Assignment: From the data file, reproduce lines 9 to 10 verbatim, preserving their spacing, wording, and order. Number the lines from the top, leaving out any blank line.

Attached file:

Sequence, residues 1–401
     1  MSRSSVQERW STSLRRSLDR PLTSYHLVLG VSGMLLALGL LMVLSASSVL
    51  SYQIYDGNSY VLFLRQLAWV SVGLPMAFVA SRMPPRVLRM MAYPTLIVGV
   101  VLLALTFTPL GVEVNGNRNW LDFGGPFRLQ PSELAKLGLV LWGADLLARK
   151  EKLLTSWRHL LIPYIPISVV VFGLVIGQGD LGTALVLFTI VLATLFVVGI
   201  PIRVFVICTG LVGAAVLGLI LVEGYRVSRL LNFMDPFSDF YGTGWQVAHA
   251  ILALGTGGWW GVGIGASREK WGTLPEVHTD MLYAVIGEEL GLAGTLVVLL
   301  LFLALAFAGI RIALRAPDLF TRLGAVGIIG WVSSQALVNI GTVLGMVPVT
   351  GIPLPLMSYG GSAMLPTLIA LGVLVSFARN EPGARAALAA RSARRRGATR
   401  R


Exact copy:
   351  GIPLPLMSYG GSAMLPTLIA LGVLVSFARN EPGARAALAA RSARRRGATR
   401  R